- Albrecht, M. v., Virgil, Bucolica, Georgica, Aeneis. An introduction. Heidelberg 2007, 11, 31.
- Schmidt, EA, Zur Chronologie der Eklogen Vergils, Heidelberg 1974, 28.
- Clausen, W., On the Date of the First Eclogue. In: Harvard Studies in Classical Philology, Vol. 76, Harvard 1972, 201-205.
- The Oxford Classical Dictionary . January 1, 2012, doi : 10.1093 / acref / 9780199545568.001.0001 .
- On the eight ancient manuscripts cf. Article Virgil manuscripts of late antiquity .
- http://www.accademianazionalevirgiliana.org/ (Italian, accessed February 20, 2013).
- Minor Planet Circ. 16590
- Lotte Burkhardt: Directory of eponymous plant names - Extended Edition. Part I and II. Botanic Garden and Botanical Museum Berlin , Freie Universität Berlin , Berlin 2018, ISBN 978-3-946292-26-5 doi: 10.3372 / epolist2018 .
- P. Vergili opera recognovit brevique adnotatione critica instruxit , ed. by FA Hitzel, Oxford, London and New York 1900 (series: Scriptorum classicorum bibliotheca Oxoniensis).
- Vitae Vergilianae Antiqvae. Vita Donati. Vita Servii. Vita Probiana. Vita Focae. S. Hieronymi Excerpta , ed. by Colin Hardie , Oxford: Clarendon Press 1966.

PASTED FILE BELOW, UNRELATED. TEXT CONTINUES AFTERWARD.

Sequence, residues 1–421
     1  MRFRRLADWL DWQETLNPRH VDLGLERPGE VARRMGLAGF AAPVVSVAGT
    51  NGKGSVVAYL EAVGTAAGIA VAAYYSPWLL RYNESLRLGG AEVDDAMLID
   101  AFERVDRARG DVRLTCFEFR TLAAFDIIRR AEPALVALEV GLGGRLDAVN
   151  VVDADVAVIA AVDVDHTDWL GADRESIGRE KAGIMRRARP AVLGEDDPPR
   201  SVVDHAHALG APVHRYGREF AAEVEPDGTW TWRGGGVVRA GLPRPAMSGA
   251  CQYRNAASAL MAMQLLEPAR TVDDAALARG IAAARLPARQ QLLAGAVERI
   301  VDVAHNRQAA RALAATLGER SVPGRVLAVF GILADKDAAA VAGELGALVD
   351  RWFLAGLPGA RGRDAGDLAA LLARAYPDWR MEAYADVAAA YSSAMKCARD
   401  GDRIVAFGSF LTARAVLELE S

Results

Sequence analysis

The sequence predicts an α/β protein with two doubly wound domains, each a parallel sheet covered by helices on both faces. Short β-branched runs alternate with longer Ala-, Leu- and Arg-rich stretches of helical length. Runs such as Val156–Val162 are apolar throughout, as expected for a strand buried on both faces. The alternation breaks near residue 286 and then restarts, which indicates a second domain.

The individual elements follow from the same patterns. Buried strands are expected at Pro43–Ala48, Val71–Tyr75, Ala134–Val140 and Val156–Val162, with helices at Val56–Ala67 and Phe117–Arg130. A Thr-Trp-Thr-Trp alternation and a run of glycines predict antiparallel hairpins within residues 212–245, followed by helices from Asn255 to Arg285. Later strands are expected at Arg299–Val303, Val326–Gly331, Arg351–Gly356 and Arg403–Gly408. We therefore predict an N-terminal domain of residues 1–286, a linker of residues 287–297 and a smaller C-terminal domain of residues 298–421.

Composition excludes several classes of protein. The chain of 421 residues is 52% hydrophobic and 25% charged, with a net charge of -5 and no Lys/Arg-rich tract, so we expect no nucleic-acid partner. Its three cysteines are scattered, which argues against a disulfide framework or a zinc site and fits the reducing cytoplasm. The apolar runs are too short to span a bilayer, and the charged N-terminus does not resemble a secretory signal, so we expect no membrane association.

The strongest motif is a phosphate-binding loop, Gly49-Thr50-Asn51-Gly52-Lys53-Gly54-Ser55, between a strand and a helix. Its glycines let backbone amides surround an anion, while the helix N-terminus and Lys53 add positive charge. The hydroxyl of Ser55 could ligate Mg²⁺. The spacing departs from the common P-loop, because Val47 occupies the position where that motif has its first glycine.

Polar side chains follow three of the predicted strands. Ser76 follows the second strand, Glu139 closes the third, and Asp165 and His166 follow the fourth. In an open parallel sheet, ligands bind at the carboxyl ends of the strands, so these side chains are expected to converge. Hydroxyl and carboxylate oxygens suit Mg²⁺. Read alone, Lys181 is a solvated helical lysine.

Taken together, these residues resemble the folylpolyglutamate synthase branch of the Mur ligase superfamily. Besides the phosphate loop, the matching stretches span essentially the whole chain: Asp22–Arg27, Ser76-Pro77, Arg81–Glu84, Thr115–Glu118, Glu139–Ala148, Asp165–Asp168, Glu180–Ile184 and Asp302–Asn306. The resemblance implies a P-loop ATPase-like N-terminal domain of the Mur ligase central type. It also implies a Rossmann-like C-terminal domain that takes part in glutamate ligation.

- P. Vergilius Maro: Opera , ed. by Roger AB Mynors , Oxford: Clarendon Press 1969, ISBN 978-0-19-814653-7 .
- P. Vergilius Maro: Aeneis , ed. by Gian Biagio Conte , Berlin: de Gruyter 2009 (Bibliotheca Teubneriana), ISBN 978-3-11-019607-8 .
Latin and German text
- P. Vergilius Maro: Bucolica / Shepherd poems , ed. and translated by Michael von Albrecht, Stuttgart: Reclam 2001, ISBN 978-3-15-018133-1 .
- P. Vergilius Maro: Bucolica, Latin / German , ed. and translated by Winfried Tilmann, Edition XIM Virgines, Düsseldorf 2011, ISBN 978-3-934268-88-3 .
- P. Vergilius Maro: Georgica / Vom Landbau , ed. and translated by Otto Schönberger , Stuttgart: Reclam 1994, ISBN 978-3-15-000638-2 .
- P. Vergilius Maro: Country life: Catalepton. Bucolica. Georgica. Virgil-Viten , ed. and translated by Johannes and Maria Götte and Karl Bayer , 6th completely. and verb. Edition, Düsseldorf and Zurich: Artemis & Winkler 1994, ISBN 978-3-7608-1651-7 .